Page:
We described this interesting specimen − we have recaptured her in each year since her initial capture− as being hypomelanistic (reduced black pigment) and/or erythristic (pronounced red pigment). I remember thinking that “Melanie” would be an appropriate moniker given her cantaloupe-colored carapace. If you have had the pleasure to work with them, you know that all spotted turtles are beautiful (and although we mark each of our charges with a unique notch sequence, adults come with different spot patterns − easily discerned using photos).
Wading a spottie swamp in our region, in the spring, is a spiritual gig. Swallow-tailed kites, newly returned from Brazil, careen overhead. The cool water is refreshing. To the speedy zzzzipp tunes of Northen Parulas I wade slowly and dial in my search image, hoping to pick up the cryptic pattern of a small speckled turtle motionless on the bottom. I pass plants with cool names − dog hobble, titi, lizard tail− and ogle the soft lavender petals of blue flag iris, sniff the scenty maroon blossoms of Florida anise.
There is a spotted turtle specimen in the USNM collection from the south Georgia county where I now reside, collected by an R.J. Thompson from a rice plantation in 1892. An endearing local name in use then for Chelopus guttatus was “speckled tortoise”. The excellent field research and demographic studies of spotted turtles by Jacqueline Litzgus and colleagues tell us that, remarkably, male spotted turtles may live to ages of 60 years in the wild, females to 110 years.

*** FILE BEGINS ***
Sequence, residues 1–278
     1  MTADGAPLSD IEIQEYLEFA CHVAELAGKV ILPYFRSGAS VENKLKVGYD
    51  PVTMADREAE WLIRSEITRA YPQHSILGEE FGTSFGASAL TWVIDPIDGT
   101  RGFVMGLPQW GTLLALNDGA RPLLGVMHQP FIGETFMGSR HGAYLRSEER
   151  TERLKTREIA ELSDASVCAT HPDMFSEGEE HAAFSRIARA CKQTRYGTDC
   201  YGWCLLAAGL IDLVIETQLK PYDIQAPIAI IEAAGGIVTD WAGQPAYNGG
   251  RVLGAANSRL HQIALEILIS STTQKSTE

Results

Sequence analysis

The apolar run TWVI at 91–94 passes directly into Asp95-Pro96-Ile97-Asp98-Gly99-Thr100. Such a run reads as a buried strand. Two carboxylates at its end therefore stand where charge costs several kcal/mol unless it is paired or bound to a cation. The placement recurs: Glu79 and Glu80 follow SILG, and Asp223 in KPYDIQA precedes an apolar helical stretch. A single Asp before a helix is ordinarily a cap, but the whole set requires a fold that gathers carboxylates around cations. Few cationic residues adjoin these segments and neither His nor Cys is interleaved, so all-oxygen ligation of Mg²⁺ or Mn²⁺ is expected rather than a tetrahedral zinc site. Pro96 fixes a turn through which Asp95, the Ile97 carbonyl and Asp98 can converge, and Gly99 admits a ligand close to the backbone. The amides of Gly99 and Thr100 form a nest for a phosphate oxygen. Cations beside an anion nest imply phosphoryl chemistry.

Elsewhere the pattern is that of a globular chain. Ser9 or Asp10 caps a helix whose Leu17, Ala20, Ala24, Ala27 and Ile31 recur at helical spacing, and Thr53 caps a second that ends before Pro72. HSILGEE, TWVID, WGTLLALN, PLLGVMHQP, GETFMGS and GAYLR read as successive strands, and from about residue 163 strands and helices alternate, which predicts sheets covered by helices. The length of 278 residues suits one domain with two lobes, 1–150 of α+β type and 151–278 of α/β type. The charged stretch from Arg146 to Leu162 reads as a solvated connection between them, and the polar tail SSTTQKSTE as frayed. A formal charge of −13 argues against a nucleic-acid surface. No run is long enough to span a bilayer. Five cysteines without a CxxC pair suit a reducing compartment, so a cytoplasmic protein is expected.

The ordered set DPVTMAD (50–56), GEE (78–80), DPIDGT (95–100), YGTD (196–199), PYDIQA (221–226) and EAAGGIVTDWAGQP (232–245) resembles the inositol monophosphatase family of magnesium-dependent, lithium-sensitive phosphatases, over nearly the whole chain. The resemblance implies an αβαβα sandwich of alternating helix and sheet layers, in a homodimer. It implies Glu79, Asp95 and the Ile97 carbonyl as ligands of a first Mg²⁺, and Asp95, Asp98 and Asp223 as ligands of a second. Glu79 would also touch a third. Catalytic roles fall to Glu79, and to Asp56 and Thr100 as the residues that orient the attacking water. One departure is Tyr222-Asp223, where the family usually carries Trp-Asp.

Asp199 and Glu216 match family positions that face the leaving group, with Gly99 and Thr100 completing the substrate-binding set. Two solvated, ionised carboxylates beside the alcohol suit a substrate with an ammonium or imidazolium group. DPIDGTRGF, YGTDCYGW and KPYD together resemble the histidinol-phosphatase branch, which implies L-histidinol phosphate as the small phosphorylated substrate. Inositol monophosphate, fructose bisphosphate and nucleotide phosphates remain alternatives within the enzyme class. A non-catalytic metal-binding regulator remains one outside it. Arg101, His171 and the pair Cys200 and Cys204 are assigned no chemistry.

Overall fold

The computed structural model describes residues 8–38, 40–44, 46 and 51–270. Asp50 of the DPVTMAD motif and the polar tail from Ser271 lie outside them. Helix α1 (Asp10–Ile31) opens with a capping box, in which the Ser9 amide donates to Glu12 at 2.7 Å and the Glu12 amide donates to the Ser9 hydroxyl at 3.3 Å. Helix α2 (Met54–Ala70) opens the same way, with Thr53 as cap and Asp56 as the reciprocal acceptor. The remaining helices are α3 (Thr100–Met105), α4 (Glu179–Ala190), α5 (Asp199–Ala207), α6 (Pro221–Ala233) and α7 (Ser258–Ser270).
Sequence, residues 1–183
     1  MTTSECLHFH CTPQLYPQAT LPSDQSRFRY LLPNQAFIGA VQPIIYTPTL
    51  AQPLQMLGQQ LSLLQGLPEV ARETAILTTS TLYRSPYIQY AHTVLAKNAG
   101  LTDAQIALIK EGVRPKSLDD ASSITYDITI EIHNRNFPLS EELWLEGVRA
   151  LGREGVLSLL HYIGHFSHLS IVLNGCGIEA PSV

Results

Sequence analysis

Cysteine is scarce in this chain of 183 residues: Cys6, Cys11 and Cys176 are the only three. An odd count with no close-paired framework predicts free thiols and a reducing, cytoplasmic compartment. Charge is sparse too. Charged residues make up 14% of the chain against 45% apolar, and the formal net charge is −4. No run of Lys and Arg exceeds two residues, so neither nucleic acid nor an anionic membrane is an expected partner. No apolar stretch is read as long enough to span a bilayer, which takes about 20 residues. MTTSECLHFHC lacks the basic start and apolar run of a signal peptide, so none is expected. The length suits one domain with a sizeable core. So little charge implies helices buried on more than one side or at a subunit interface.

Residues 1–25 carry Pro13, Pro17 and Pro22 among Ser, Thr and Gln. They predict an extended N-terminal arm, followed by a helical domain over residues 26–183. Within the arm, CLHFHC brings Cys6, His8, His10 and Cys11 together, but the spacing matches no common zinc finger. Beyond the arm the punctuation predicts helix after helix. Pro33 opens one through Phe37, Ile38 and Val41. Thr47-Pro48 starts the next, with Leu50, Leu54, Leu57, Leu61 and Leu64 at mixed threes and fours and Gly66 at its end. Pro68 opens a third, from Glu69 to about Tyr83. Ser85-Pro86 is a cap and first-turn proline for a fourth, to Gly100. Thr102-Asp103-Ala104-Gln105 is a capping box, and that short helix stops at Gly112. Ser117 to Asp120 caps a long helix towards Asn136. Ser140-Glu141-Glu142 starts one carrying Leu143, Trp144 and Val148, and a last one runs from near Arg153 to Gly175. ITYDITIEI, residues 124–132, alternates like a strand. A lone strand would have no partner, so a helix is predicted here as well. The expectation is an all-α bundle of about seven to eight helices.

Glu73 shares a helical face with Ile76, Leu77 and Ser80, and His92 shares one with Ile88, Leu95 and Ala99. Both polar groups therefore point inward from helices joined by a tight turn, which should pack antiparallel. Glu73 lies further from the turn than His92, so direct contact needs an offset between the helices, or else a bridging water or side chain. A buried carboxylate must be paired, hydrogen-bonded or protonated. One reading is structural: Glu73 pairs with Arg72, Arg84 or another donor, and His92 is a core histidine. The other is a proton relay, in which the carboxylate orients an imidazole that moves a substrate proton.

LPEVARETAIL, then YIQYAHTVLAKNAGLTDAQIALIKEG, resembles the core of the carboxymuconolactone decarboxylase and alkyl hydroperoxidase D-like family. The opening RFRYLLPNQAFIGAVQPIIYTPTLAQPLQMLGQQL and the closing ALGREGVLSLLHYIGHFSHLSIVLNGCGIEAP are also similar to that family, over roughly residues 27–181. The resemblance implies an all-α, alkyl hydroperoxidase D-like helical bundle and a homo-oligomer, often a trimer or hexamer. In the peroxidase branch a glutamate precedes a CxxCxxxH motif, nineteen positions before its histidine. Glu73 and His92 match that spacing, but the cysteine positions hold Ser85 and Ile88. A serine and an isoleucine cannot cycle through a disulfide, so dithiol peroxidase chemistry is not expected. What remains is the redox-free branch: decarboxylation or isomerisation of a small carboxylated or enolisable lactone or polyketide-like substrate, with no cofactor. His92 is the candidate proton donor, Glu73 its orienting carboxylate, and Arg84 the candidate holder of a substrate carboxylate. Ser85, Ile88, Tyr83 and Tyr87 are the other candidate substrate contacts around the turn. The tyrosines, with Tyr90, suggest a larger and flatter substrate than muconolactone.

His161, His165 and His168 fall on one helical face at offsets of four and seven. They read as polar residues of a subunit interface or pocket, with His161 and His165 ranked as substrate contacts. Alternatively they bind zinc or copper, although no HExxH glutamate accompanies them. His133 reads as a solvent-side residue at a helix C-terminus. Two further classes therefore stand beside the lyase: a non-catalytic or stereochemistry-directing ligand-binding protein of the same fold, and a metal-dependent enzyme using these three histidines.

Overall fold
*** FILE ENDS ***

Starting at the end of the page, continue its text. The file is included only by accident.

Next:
I last saw a spottie on a sunny but brisk afternoon in late February. It was a male, “Poolboy”. A turtle I have known a long time, he was basking on the same log I have seen him on many times. Having just emerged from the bottom ooze his shell was discolored and crusty with debris. I saw him wince several times, blinking as small gnats attempted to sip from his eyes. Working with these small handsome turtles, reflecting on their long, experience-rich lives, has been as meaningful as it has enjoyable.